Last Sunday I made a barbequed Sichuan chicken. It was so successful that I decided to do something similar with a beef tri-tip. Beef will stand up to stronger flavors than chicken, so I added some onion, chili flakes and white pepper to the sauce.
Category Archives: Chinese
I needed a vegetable to go with my barbecued tri-tip and mushrooms. I wanted the dish to be Asian, but I did not want to have just a third dish covered in Sichuan pepper sauce. I decided on French green beans, Harcourt vert, that are thinner and more tender than regular American green beans.
I have done this dish before, but it shows just how differently a dish will turn out when you make just a few changes. The last time I made enough sauce to make the marinade and no more. After the bird was barbequed I sprinkled some fresh Sichuan pepper on the dry surface, producing a bird with crisp skin and strong pepper flavor. This time I made twice as much sauce and basted the bird so that the final dish had a thick, sticky glaze that melded the sauce flavors. Mostly the same ingredients, but very different dining experiences.
I pack lunches for Jan and Eilene, so I am often end up making lunch just for myself. Usually this will be some variation of last night’s leftovers. Today’s leftover ingredient is one serving of cold pan fried noodles. Plain noodles beg to be topped with something.
Eilene is at a party on a Saturday night and that means that Jan and I can have an ingredient that she doesn’t like, mushrooms. Chicken and mushrooms, a Chinese restaurant standard, came to mind. To go with this main dish, I chose Chinese broccoli as the vegetable, but what was to be my starch? The standard Chinese accompaniment to these dishes would be steamed white rice. However, Jan loves pan fried noodles, so that is where I went. Form a mundane Saturday night meal this had turned into restaurant quality fare.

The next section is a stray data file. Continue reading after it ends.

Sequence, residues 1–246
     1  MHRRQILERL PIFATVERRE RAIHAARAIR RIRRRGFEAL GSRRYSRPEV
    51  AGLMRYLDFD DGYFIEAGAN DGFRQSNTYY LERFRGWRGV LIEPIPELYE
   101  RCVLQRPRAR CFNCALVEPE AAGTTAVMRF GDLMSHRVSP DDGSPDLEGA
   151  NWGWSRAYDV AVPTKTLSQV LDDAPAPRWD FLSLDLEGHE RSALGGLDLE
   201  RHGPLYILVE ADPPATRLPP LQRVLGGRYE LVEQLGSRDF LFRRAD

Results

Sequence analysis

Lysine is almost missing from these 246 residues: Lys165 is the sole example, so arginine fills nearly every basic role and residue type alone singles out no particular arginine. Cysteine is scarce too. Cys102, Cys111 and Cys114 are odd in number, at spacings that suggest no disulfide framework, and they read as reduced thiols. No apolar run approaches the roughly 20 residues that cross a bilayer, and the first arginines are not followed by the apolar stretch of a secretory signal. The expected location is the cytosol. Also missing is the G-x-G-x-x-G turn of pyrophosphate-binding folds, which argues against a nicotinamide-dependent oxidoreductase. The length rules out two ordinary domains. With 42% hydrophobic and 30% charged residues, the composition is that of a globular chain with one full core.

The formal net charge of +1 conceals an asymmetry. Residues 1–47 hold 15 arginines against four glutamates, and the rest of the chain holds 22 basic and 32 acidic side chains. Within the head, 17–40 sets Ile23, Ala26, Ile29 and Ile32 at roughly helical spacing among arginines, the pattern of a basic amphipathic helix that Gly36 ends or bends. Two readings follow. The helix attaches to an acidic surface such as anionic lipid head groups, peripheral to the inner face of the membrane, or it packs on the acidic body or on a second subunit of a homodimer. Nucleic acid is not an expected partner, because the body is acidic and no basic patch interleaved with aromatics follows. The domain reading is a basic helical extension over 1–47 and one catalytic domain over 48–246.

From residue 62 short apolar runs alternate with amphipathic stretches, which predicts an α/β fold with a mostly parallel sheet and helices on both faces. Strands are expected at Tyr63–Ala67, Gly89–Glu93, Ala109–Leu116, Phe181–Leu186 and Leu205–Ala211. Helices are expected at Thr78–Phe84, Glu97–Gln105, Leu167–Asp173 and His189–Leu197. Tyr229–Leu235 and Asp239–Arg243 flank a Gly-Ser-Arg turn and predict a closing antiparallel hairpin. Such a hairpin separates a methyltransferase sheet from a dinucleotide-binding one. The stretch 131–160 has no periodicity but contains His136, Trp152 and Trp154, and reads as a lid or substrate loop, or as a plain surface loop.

On Christmas morning my family likes to go out for dim sum (点心; snacks), Chinese small plates. For the last several years we have gone to Tai-pan in Palo Alto, but this year Miriam talked up into trying something new. It was not quite a disaster, her suggested restaurant was over-flowing with a four hour wait, but we finally found a strip mall place that was actually excellent.
My girls have been feeling run down lately and they requested dong quai chicken soup. Dong quai is also called women’s gensing, because it is supposed to do for a woman what gensing is supposed to do for a man. It would not harm a man to eat this soup, but if you are a man—or a woman who does not need it—it simply smells really bad. If you are a woman in need of feminine (yin) balancing it—apparently—smells wonderful.